Now, just imagine for a moment that some boffin at NCKU measured the exhaust emissions from a scooter ‘reversing’ out of a parking space (I wrote about the phenomenon the other day here: http://fiftyyearsandcounting.wordpress. … n-reverse/ ) and then calculated the amount of such additional and entirely unnecessary emissions for a day/month/year. Imagine this then made the news as a scandal because it could be affecting everyone’s health, (with relevant comparisons to the recent oil crisis). This is the kind of joined-up thinking that is lacking, as far as I can see. Get this kind of information out there to start a shift in the mindset of Joe Public. I’d be willing to bet large sums of money (again) that not one of these scooter riders who reverses with the motor running has given the slightest thought to such a minor action. Why would they? Put it to them as a national scandal and they might, just might, begin to make some progress towards thinking about change for the better.

Okay, it’s a pretty odd example, but it is precisely the kind of thing that makes no sense. Absolutely none.

In a similar vein, I often wonder about the almost pathological reliance on the scooter and the corresponding failure (of vast swathes of the population) to walk or cycle anywhere.  Ever.  Allow me to elaborate.  Our neighbour takes her daughter to some kind of class after dinner every evening.  They go on the scooter, wrapped in face masks, of course.  Mum and daughter leave together and mum is back within approximately two minutes, so I figure they go about one block away at most.  They could walk it within five minutes each way, I reckon.  Similarly, my in-laws head out every morning to buy breakfast.  I can’t be sure, but as far as I can tell they go approximately a quarter of a mile to the market.  Again, it would take them about five minutes to walk there.  Let’s face it, it’s entirely unlikely that these are the only two cases of such minor scooter journeys on the island.  Indeed, I’d suggest that this is happening in every town and city on a colossal scale.  Just imagine the difference in the air quality if such journeys were eradicated and people took to their feet or used a bicycle rather than burning more fuel.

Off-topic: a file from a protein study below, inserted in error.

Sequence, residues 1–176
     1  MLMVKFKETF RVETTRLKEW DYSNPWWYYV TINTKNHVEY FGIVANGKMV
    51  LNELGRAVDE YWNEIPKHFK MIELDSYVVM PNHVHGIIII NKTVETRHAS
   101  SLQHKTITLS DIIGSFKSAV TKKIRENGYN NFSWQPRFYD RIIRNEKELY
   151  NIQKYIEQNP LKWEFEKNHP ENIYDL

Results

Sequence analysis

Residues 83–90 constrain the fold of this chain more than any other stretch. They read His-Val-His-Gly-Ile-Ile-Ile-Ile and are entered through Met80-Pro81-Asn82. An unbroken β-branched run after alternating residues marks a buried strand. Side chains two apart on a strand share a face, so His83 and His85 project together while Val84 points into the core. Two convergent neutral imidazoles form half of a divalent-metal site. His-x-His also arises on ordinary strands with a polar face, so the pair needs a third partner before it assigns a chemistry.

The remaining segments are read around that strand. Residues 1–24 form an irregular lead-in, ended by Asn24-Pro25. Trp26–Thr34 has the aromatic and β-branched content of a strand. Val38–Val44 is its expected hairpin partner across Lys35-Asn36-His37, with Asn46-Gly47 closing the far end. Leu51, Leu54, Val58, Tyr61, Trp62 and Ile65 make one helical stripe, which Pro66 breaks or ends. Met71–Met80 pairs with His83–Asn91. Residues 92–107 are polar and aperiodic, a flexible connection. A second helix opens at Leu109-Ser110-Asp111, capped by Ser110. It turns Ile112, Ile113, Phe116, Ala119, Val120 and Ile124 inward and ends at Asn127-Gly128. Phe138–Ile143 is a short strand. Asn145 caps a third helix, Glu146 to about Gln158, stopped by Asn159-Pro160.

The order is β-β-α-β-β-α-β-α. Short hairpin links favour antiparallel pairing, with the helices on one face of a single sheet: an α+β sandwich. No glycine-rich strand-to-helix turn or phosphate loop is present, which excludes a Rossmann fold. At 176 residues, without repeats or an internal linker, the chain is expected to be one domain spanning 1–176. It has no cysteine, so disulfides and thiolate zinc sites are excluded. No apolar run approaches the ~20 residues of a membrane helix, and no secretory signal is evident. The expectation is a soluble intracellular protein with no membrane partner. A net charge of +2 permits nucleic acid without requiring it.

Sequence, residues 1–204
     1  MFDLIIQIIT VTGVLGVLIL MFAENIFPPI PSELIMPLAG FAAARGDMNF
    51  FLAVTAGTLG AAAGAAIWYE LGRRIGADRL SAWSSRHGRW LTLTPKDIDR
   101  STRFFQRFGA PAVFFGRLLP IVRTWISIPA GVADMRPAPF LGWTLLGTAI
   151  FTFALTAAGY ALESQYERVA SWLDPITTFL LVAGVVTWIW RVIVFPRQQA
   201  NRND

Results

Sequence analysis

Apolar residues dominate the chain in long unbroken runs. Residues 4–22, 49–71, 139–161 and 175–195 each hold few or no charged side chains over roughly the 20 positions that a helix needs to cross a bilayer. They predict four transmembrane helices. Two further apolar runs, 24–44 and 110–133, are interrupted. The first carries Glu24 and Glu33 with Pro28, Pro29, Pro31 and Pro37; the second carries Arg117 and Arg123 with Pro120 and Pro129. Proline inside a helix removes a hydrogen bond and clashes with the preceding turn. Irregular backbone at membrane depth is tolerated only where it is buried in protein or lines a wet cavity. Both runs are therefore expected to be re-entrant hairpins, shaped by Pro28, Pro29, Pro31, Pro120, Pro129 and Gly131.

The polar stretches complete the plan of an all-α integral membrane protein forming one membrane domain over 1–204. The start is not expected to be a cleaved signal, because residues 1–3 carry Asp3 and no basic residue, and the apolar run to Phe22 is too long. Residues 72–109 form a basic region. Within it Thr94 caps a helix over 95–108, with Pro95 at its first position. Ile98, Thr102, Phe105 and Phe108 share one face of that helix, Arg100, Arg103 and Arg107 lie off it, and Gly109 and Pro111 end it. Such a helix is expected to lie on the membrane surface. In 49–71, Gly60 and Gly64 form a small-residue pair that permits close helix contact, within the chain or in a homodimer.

Where are the movers and shakers of Taiwan brainstorming this kind of thing and mobilising some kind of publicity campaign? Think of the long-term savings to the health service. Think of the children. For God’s sake, think of the children!

I’ll end with another film clip.  Even by Taiwanese standards, this one takes some believing:

 

Thinking ahead

07/11/2014

Yesterday was heads.  Today, I’m curious about the concept of thinking ahead.  It’s a fundamental skill which seems to be missing from the armoury of so many drivers out here.  Let me describe an incident I witnessed a couple of weeks ago.  Nothing too serious, but a perfect example of what I find so interesting.

I am driving along a typical city centre road behind one other vehicle.  It’s a two lane road – i.e. each side has two lanes – and I’m in the offside lane, with the car in front of me in the nearside lane.  Unusually, there is nothing else around of any consequence.  Nobody up my chuff, no scooters weaving in and out, but up ahead there’s a traffic cone in the middle of the nearside lane.  I see it and ease off so that the car ahead can move into the offside lane, which it does.  So far, so good.  Why was the cone there, you’re thinking?  Why indeed.  Most probably because not more than 30 metres ahead, a mixer is parked in the road off-loading its concrete.  That would be a concrete mixer; a large thing with a big barrel-like container spinning round on the back, with a tube deployed to the side to dispense the load.  What did the car ahead of me do next but move back into the outside lane before slamming on the brakes and then moving back into the clear lane.

Dear Car Driver

The other day when you saw the cone and moved over in front of me, what exactly were you thinking as you then moved back into the nearside lane, closing rapidly on a stationary concrete mixer which was clearly delivering its load?

While I think of it, perhaps you could also explain what is going on between your ears when you are approaching a traffic light which you can clearly see turn from green to red.  What exactly are you thinking as you continue to accelerate towards the red light and all that stationary traffic?

I am interested in learning about these particular thought processes, so a full explanation would be really helpful.

Many thanks.

Colin

For the visual today, I have another gem for you.  It kind of fits rather well with today’s theme, too.

In case it isn’t clear, the cars on the right should not be in that lane; they are simply trying to cut in front of the lorry that is waiting to turn right at the lights at the end of the road, probably to save themselves a few seconds while delaying the lorry in the process.  More diesel pollution, but that’s okay, isn’t it?  Time is money.